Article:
I had this problem once. I used +5V inside a hierarchical sheet that replicated 16 times. I did the layout of this hierarchical part, replicate it and ignored on DRC. It was not the beautiful solution, because despite others EDAs, KiCad doesn’t have a option to make the power page-local (https://bugs.launchpad.net/kicad/+bug/1728250).
But, if your problem is “same voltage level from different regulators to different proposes” could be better and better to read the schematic for other guy, use different names.
Give a “+e” on the power symbol, edit it with the different names and save on the project local library.


#5

Well that is what hierarchical pins and local labels are there for.


#6

Hi,
I note the points above.

I have made an error and need to delete a GND plane I’ve set. I’ve tried both top and bottom layer, selected ZONE, then delete, but the Zone is still there.
Is this my error or a Kicad fault?

**EDIT: I selected everything except the ZONE and moved it, leaving the ZONE behind, then deleted it. **

C.


#7

KiCad doesn’t automatically recalculate filled zones when editing board elements (drawing traces, moving components, and even deleting zones. You need to force it by pressing B to recalculate (refill) the zones. This will also clear up leftover fill from deleted zones.


#8

Hi S,
Ok, thanks, I think I understand.

EDIT: AH the B on the keyboard! It worked :slight_smile: While looking for the B, I found the measure tool. Good!

C


#9

Hi,
If possible I want to add switchable tracks (2x PICs = 2x switchable tracks) between the Regulators and the PICs, on the reverse of the board.

There is a GND plane covering the reverse of the board.

I assume I add a VIA next to the REG power pad and another next to the PIC VDD, then add 2x pads in the track for the switch.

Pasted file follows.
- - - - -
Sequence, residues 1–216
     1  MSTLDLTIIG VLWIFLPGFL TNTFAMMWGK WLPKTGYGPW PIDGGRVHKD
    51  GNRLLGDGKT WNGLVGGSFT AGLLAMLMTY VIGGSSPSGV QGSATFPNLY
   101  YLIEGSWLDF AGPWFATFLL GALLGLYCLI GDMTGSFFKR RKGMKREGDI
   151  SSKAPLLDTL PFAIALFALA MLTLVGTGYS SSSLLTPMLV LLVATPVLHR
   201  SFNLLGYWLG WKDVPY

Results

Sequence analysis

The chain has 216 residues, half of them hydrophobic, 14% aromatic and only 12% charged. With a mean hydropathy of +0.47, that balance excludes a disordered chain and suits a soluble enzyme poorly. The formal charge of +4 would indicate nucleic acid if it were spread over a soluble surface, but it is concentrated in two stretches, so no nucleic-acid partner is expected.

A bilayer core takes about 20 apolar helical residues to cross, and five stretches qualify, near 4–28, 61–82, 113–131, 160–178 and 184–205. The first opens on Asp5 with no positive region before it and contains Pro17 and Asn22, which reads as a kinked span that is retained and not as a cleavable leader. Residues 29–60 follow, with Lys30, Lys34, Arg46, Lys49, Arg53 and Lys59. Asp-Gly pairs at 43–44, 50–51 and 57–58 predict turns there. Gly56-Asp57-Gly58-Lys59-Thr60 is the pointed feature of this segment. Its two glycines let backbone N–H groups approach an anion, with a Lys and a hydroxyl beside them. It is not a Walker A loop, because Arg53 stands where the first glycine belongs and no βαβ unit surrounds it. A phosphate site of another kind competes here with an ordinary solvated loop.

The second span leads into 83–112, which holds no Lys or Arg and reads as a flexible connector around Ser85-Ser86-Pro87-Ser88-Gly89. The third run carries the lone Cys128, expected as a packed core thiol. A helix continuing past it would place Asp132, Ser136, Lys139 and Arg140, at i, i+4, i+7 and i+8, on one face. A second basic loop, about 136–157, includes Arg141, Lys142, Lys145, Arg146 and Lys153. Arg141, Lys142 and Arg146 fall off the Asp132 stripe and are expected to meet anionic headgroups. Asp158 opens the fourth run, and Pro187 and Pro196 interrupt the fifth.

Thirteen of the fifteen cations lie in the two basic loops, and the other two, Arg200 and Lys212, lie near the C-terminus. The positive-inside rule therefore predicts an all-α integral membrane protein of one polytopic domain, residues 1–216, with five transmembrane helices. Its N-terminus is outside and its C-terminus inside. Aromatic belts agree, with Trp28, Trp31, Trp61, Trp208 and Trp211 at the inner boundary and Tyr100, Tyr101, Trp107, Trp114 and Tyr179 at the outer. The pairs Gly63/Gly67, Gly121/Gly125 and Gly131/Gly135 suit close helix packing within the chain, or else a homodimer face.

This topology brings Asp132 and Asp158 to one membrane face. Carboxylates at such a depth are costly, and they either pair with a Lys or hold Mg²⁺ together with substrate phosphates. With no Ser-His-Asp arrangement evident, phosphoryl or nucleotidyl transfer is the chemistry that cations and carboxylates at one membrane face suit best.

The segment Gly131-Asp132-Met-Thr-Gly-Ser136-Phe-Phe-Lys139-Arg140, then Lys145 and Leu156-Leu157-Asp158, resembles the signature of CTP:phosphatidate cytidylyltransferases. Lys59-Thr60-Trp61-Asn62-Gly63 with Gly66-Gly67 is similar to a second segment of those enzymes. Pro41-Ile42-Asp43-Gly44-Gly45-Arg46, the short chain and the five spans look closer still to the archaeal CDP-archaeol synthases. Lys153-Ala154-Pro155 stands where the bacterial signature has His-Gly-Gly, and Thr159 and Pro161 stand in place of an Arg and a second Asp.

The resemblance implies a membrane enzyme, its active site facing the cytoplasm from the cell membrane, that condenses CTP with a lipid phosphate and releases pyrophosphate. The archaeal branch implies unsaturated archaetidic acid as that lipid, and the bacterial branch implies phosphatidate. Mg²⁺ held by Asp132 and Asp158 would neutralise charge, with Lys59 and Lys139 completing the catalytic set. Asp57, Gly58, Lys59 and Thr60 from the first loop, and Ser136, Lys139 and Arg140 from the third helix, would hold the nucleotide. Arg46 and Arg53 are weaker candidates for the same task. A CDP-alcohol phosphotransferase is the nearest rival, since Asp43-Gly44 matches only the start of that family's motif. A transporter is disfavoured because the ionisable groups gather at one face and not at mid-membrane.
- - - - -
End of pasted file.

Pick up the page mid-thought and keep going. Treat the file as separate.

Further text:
How is this done please?
C.


#10

What is a “switchable track”?


#11

Hi B,
On the PCB are two PICs, which will be programmed in circuit. I need to be able to switch each PIC ON/OFF for programming individually.
C.


#12

If I understand you correctly, you could either use a jumper if you are only going to program the PIC(s) occasionally. Alternatively, you could use a MOSFET on the RESET pin. When the MCU is running, the RESET line is pulled up to 3.3V but the programmer will pull it low to enter programming mode. You could use a cheap 2n7000 or equivalent to achieve this.


#13

Hi J,
I presume you mean MCLR? (Pickit3)
If so then I have a button connected to both MCLR pins. If I split them and add another button, 1x for each. Will this do?
C.


#14

So you have two PICS connected to one set of programming lines?

I might use jumpers, but need to check if a PIC is “reverse powered” it might still get enough power to go into programming mode.

The standard way is to have two sets of programming pins, but you might be able to find a suitable pin to put a jumper on, MCLR, or data in or whatever.


#15

Hi,

I’ll add a separate programming connector.

C.


#16

I think, there is a fundamental issue with your idea. When you only disconnect Vcc or Vdd supply to the PIC, it may not shutdown as you expected. Usually the PIC that got disconnect will pull a lot of current from all the IOs connect to it. Also, using a zero ohm, 0603, or Jumper would doing the temperate ON/OFF for you (But again, you should not do at Vdd or Vcc pins).